By David Beasley
ATLANTA (Reuters) - A Georgia congressman who attacked the theory of evolution found himself with an unlikely opponent in Tuesday's U.S. election, when 4,000 voters in one county cast write-in ballots for the 19th century father of evolution, British naturalist Charles Darwin.
In a September 27 speech, Paul Broun, a physician and member of the U.S. House of Representatives Science, Space and Technology Committee, called evolution and the Big Bang Theory, "lies straight from the pit of hell."
Since Broun, a Republican, had no opposition in the general election, a University of Georgia plant biology professor, Jim Leebens-Mack, and others started a write-in campaign for Darwin, the father of the theory of evolution.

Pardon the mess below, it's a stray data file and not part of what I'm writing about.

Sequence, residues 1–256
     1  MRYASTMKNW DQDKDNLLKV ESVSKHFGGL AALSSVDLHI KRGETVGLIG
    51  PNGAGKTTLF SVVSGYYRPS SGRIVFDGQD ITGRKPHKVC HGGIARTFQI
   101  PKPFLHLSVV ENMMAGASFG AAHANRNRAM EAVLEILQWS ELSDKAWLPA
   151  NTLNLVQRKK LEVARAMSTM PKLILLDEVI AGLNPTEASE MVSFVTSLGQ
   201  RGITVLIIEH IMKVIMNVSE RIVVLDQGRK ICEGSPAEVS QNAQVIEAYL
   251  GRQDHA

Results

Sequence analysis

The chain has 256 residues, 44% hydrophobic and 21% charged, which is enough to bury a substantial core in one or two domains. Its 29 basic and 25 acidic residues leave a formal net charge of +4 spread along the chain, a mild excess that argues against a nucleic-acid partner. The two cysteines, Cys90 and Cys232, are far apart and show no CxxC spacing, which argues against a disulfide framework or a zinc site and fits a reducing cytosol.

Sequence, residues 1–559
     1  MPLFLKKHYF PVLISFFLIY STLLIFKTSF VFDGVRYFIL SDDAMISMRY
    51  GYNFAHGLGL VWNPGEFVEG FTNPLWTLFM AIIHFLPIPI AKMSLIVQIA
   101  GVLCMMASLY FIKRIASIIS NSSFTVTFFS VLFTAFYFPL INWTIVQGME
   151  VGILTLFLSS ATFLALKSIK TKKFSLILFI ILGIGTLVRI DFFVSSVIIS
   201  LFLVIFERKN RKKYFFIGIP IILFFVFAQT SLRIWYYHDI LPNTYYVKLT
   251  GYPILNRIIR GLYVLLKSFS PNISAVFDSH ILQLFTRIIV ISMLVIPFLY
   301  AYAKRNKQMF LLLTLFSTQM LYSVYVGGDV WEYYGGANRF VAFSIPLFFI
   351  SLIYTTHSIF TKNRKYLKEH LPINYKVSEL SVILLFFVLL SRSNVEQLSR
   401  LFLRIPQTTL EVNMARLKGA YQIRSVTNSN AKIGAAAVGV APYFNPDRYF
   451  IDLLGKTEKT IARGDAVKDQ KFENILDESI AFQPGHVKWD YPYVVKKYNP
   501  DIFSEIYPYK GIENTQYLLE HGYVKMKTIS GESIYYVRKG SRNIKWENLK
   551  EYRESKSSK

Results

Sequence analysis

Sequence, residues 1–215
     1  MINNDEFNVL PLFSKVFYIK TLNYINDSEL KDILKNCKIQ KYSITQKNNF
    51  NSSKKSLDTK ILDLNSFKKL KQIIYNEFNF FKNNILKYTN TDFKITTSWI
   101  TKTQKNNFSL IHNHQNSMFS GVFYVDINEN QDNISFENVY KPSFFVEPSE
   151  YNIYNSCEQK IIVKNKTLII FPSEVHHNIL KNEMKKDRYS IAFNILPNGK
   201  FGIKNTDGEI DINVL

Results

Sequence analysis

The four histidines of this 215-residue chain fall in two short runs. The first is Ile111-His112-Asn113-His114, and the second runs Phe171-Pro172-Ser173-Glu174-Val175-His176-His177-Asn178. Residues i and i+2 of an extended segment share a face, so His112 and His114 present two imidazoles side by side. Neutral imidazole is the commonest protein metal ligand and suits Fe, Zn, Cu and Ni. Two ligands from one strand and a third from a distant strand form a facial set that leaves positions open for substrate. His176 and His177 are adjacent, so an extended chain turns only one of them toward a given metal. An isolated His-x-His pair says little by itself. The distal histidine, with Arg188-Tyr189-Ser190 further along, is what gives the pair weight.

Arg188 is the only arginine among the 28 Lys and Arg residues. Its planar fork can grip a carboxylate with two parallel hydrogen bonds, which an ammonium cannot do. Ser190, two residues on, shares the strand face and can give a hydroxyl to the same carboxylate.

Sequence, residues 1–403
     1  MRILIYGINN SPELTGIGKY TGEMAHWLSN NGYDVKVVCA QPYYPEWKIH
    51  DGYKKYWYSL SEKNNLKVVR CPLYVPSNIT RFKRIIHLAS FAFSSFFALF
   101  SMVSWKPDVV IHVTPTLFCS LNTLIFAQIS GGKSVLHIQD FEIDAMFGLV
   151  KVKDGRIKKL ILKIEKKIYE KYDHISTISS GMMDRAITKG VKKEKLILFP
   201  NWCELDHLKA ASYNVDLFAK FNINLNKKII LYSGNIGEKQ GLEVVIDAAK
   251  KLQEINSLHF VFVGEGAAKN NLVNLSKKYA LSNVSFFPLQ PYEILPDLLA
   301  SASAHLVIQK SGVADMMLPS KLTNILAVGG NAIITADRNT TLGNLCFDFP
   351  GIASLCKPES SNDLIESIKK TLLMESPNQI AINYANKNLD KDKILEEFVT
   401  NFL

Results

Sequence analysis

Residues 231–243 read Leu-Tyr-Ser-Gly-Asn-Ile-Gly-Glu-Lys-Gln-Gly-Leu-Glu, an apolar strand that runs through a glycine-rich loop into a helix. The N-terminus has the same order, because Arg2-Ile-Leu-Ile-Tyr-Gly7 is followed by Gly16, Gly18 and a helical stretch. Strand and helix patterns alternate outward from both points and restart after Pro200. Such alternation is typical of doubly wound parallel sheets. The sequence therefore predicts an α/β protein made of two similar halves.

"We don't feel our interests are being best served by an anti-science fundamentalist representing us on the Science, Space and Technology Committee," Leebens-Mack told Reuters on Friday.
The write-in votes in Athens-Clarke County will not count officially since Darwin was never certified as a write-in candidate, but Leebens-Mack hopes the campaign will encourage a strong candidate, Democrat or Republican, to challenge Broun in 2014.
"I think there could be Democratic opposition, but even more likely is having a rational Republican who understands issues like global warming, scientific reasoning more generally," said Leebens-Mack.
Broun received 16,980 votes in Athens-Clarke County, home of the University of Georgia, Broun's undergraduate alma mater.
Broun's office issued a statement on Friday that did not directly address Darwin, saying that the congressman "looks forward to representing the ... constitutional conservative principles" of his constituents.
The statement also noted that Broun "received a higher level of support from his constituents in Athens-Clarke County this election cycle than in any of his previous campaigns."
(Editing by David Adams, Bill Trott and David Brunnstrom)